The scheme was launched in September last year
Just one in four fathers have opted for paid paternity leave in Ireland since the scheme was launched in September.
Figures for the first three months of the scheme's operation show 3,581 claims for the two weeks of paid leave were approved from September 1st to November 31st.
The leave can be taken any time in the first 26 weeks after a child's birth, so those with children born on September 1st have until the end of February to avail of it.
The figures also show fathers from all counties claimed the leave, as well as a small number living in Northern Ireland who were entitled because of PRSI contributions paid in the Republic, and just one living abroad.
Minister for Social Protection told the Irish Examiner he was "delighted" with the take-up.
More than half of the countries in the European Union offer paid paternity leave to fathers. Sweden offers around seven days leave reserved only for men. However, when taking into account wider parental leave, the country has one of the most generous packages, with new fathers able to claim 14 days to 10 weeks at 75% of earnings.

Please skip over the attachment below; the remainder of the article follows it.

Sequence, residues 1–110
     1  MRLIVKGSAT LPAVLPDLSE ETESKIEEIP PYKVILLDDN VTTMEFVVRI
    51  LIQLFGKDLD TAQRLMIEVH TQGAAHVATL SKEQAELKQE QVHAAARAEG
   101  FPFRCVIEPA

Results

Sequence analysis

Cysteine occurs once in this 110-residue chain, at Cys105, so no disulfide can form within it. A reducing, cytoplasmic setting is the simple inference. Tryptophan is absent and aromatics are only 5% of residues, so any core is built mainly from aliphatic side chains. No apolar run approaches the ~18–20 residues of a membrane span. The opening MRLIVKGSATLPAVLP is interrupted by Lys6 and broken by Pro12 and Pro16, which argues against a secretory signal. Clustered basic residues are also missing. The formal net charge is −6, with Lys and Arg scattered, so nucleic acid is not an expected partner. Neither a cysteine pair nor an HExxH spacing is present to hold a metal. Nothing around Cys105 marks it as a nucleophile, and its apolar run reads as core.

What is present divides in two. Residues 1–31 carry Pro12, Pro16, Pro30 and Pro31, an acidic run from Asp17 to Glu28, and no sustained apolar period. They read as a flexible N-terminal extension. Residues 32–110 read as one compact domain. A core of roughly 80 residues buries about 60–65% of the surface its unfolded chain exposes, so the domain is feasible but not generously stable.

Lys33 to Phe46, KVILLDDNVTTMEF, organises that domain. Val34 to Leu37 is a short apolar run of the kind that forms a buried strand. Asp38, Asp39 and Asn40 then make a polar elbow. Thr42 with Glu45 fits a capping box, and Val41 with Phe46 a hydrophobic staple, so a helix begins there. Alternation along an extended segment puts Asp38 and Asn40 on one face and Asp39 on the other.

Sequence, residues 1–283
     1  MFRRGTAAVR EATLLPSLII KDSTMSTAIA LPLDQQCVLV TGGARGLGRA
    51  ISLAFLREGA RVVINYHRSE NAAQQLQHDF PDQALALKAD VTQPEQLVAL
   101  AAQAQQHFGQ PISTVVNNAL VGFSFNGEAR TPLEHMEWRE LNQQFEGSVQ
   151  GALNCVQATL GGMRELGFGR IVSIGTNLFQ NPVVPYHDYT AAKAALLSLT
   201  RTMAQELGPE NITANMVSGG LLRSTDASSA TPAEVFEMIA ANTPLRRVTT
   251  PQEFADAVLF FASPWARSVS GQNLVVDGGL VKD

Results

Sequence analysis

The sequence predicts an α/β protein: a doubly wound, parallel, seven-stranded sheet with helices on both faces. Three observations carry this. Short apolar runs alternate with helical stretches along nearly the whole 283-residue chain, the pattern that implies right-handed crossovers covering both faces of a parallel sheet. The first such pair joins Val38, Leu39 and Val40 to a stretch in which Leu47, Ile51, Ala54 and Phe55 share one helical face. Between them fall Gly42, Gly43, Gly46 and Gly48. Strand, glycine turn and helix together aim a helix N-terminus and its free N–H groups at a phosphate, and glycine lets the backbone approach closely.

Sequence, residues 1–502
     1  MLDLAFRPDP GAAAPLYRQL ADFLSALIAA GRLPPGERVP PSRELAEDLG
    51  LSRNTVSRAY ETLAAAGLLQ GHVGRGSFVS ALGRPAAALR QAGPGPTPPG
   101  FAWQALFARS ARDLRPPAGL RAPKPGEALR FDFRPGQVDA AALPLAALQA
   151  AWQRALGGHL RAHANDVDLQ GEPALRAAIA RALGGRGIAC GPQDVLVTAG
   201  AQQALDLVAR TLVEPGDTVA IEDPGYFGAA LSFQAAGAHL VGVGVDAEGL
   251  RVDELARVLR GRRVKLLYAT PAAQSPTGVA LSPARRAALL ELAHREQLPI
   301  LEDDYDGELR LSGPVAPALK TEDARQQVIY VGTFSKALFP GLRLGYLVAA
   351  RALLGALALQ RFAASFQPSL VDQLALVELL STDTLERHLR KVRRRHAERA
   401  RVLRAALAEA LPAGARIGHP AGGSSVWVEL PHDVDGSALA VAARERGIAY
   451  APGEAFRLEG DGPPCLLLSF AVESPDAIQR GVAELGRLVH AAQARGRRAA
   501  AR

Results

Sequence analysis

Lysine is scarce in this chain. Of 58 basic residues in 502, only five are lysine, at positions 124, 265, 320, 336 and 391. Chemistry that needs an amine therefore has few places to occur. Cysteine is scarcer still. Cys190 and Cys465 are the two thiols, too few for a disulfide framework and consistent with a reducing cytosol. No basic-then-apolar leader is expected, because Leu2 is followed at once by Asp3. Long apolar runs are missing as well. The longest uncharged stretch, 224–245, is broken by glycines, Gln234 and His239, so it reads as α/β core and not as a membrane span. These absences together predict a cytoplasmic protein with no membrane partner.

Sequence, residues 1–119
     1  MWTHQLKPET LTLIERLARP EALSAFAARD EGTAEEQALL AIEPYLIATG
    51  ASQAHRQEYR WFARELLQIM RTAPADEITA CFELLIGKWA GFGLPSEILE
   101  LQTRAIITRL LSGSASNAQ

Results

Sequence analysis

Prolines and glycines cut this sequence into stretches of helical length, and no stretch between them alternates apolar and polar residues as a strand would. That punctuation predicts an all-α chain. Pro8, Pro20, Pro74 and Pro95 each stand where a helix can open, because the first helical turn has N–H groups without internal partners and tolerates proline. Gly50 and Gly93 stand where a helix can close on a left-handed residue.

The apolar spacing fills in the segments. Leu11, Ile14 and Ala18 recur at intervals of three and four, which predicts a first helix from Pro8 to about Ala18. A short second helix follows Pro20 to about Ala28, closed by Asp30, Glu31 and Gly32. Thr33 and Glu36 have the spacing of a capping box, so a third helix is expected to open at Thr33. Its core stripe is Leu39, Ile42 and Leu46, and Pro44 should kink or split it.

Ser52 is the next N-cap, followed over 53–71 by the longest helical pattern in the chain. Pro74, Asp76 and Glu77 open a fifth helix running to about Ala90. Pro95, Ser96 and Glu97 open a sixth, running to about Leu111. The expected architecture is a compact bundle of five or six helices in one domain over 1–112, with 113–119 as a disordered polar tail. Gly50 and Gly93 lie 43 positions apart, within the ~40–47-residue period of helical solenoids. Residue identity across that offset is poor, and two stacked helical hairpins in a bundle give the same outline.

In the UK, new fathers are entitled to up to £139.58 a week for two weeks, although they can take longer unpaid leave.
According to 2015 research from the Organisation for Economic Co-operation and Development (OECD), paternity leave uptake is growing fastest in countries such as Finland, where the male share of paid parental leave doubled between the 2006 and 2013.
In Belgium it grew by almost 10 percentage points over the same period. In Austria and France, men account for just 4% of parents taking parental leave, broadly the same as about a decade ago.